Taiwan looked at all the universal healthcare systems worldwide, wanting to select the best of each. With operating costs at 2%, people's medical history are kept on "smart cards" that are mailed electronically to the government, who in turn pays the bills. There is no waiting to see any kind of doctor on Taiwan.

The ones who were dragged kicking and screaming to universal healthcare were the Swiss, where capitalism is king, and there are more gun owners per capita than in the U.S. With a vote that separated those opposed from those in favor by tenths of points, the Swiss embraced healthcare and never looked back. Their insurance companies and pharmaceuticals, which predicted dire consequences from the same are surviving quite nicely, in part, from money they make from U.S. consumption.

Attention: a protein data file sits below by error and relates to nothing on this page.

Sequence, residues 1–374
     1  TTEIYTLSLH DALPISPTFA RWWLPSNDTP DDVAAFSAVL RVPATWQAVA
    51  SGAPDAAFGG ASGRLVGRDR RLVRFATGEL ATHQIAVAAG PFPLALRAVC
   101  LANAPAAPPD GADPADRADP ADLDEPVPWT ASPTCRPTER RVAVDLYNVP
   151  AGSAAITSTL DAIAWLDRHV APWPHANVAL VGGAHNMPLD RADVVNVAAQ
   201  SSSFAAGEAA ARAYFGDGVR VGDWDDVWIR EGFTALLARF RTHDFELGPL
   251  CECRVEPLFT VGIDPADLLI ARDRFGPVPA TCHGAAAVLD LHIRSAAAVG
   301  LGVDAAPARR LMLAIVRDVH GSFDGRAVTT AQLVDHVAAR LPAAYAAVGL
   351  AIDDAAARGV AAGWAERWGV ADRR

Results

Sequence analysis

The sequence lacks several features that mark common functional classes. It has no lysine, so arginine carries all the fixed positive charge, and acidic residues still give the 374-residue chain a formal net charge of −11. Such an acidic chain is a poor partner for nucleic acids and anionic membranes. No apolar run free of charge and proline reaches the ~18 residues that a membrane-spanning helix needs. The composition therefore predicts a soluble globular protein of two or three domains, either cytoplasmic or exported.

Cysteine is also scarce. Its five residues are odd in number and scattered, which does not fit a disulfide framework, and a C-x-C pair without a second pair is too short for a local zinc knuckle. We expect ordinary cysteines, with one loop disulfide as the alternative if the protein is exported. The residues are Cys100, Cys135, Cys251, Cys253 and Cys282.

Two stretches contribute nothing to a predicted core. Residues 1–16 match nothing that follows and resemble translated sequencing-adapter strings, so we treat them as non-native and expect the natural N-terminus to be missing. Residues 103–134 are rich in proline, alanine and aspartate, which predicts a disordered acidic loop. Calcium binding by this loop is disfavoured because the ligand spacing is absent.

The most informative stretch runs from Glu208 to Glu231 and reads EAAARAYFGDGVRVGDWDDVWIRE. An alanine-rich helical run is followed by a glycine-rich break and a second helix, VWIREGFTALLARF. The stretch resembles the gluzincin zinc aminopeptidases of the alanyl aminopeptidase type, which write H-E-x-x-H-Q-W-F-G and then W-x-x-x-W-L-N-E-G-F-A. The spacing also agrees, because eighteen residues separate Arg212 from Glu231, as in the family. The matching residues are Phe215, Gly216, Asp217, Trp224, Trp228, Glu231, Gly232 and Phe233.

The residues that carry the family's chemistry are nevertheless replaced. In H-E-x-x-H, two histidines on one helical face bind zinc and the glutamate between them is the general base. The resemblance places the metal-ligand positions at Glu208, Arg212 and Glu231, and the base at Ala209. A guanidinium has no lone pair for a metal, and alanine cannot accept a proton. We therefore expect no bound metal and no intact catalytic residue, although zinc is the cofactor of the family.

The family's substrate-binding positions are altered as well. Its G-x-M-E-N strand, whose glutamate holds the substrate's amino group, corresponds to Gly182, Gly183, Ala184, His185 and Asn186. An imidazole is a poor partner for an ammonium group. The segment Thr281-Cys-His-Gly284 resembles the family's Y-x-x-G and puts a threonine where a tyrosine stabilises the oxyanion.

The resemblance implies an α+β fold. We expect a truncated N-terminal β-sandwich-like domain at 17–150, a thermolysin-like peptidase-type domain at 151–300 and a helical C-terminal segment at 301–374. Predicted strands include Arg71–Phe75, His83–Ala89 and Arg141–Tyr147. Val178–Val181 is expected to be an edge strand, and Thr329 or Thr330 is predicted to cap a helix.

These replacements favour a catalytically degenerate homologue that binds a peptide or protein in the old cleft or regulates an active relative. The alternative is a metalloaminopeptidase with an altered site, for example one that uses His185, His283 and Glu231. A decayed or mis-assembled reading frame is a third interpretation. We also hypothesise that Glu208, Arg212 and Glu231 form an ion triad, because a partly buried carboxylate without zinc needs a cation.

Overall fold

Each country shares certain features: Insurance companies must accept everyone and may not profit on basic care. People must buy insurance and the government will pay for the poor. Doctors and hospitals must accept one standard of costs for medical care. The people in each of these countries are overwhelmingly satisfied with their healthcare where no one goes bankrupt because of treatment.

He finds similarity in each of their systems to ours: Our Veterans' Administration is akin to the British healthcare system, the Taiwanese system is equivalent to what we offer our seniors, the German system is equivalent to what the insured American working family receives, but for those Americans who have no insurance, we are just like any other poor country in the world. Reid laments, that in the countries that provide ready access, healthcare is considered a public duty, not a business for profit.